Michael A. Okpara

Over the many number of years that I have lived in North St. Louis I can't recall seeing such a rapid decline and deterioration of neighborhoods as currently exists in Baden. The area has been neglected for far too long by the city government for any type of meaningful economic development and revitalization. Baden is dead.

It is not uncommon to travel any of the residential streets and find that only a handful of homes on that street have occupants. The area has become so blighted there appears to be no incentive for residents of this community to believe they are actually part of the City of St. Louis.

Criminals have taken over the area. Street corners are filled with vagrants. Derelict vehicles with no licensing identifications are found all over the streets. Drug dealers are running the streets unrestrained. Street traffic signs are being violated with impunity. Gun shots are keeping the few remaining residents awake all night long. The neighborhoods' law-abiding citizens are scared to death.

The area needs heavy police presence and economic opportunities for youth in this area to stabilize the locality.

I know the often-cited reasons for blight in minority neighborhoods, such as national economic downturn, unemployment, redlining, predatory lending, crime. But it is possible something else is responsible for the rapid decline of the North Side, especially the 2nd Ward. I wondered about the City of St. Louis' capital infrastructure and other economic development resource allocations to improve communities.

I attended the St. Louis Equitable Economic Development Strategy meeting organized recently by the St. Louis Development Corporation. It was an open event to gather input from the public on creating an environment for equal opportunity. The city's map was broken into regional sections. Attendees were given two colored stickers and instructed to find their neighborhood on the map and to paste the stickers wherever they want to see future investment.

I located my neighborhood, the North-near-riverfront, where I pasted my two stickers. Upon looking around the other neighborhood maps, I found that those maps were almost completely covered with stickers. The only stickers on the North-near-riverfront were the two stickers I had pasted. If the City of St. Louis should rely on data from this event to decide where improvements will be made, it would be capricious. Here is why. 

The event organization was too elitist. It was not organized as a proper community forum where all residents can dialogue with governmental officials, raise or ask substantive questions, offer insights on the nature of issues that affect their neighborhoods, and receive answers or assurances.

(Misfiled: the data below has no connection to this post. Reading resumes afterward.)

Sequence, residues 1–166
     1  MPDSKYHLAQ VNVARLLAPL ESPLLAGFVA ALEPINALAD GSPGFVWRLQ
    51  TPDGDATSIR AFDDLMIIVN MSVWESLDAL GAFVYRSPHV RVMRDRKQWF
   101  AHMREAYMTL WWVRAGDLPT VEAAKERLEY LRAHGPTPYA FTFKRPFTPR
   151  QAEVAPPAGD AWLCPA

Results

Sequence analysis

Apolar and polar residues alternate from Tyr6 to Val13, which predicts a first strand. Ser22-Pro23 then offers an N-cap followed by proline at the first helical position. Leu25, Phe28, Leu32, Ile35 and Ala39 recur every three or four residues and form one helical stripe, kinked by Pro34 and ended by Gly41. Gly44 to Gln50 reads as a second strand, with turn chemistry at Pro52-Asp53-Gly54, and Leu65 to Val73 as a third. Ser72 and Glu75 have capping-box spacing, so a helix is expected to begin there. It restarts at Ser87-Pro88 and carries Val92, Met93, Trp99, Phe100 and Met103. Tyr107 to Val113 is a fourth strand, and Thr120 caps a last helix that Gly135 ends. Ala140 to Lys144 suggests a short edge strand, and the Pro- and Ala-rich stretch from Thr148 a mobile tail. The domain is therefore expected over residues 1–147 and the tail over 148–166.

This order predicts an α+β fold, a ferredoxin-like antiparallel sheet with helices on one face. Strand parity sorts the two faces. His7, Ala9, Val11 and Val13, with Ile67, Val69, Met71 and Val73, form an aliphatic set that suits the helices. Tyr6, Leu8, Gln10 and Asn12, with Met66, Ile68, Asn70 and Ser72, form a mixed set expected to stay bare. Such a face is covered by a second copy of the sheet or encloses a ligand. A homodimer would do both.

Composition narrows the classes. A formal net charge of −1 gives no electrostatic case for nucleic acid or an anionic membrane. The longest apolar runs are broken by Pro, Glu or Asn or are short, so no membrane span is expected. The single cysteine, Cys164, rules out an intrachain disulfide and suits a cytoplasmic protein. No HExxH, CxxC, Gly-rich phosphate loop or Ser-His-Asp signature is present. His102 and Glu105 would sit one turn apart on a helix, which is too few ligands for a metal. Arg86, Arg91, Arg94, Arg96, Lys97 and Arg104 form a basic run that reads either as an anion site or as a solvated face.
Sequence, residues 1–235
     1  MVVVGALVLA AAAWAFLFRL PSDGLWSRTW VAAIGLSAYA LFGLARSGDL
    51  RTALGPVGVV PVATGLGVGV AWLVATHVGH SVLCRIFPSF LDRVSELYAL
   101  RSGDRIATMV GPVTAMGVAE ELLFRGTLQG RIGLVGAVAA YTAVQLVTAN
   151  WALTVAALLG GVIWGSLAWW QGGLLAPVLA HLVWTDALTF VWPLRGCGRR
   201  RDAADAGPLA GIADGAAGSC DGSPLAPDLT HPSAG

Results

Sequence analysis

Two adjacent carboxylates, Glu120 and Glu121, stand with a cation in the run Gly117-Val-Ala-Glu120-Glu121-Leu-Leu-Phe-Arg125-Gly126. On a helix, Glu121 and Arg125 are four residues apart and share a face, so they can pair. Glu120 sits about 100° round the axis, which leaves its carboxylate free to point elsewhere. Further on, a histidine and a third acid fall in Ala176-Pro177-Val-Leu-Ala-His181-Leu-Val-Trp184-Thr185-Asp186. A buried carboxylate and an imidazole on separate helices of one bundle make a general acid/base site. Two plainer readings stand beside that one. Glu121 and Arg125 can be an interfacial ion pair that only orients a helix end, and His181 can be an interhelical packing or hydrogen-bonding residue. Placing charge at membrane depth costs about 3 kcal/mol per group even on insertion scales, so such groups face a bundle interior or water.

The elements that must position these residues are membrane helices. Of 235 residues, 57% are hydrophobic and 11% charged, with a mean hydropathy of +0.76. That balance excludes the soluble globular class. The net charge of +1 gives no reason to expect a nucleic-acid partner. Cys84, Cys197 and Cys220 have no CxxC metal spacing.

Also, the time and venue placed too many of the North-near-riverfront residents in utter disadvantage and effectively aborted any opportunity for them to participate. The event was scheduled for 4-7 p.m. at Vashon High School for residents of North City as a whole. Given the public transportation challenges that exist in Baden and Ward 2 in general, where one-in- three residents lacks transportation, I don't see how they could easily participate.

Due to the effective exclusion of most residents of the far North City area, the data generated from this event will be biased heavily in favor of other neighborhoods. The North-near riverfront area will remain neglected as it has been.

In reviewing the city's map, I found that the North-near-riverfront residential neighborhoods were classified and buried deep into the industrial zone alongside Hall Street, which obscured the residential areas. This obscurity meant that even the neighborhood retail strip on North Broadway that previously housed a grocery store and other small retail businesses was neglected in terms of revitalization to lure back jobs in the area. The city simply repackaged this area and rented it out to companies for storage. Those containers have become a total eyesore in that stretch of North Broadway.

I see no equity in the way the city has is gathering information to determine equity in resource allocations for community development. The developmental strategy should be rearticulated. Such an event should be brought much closer to the city's neighborhoods rather than staged only in a few locations that are not easily accessible to many residents. The process also should include ways to gather input from everyday folks who might not have the elitist capacity but whose opinions are vital for equitable economic development. Otherwise, the entire exercise is fraught with inequity and suspicion.

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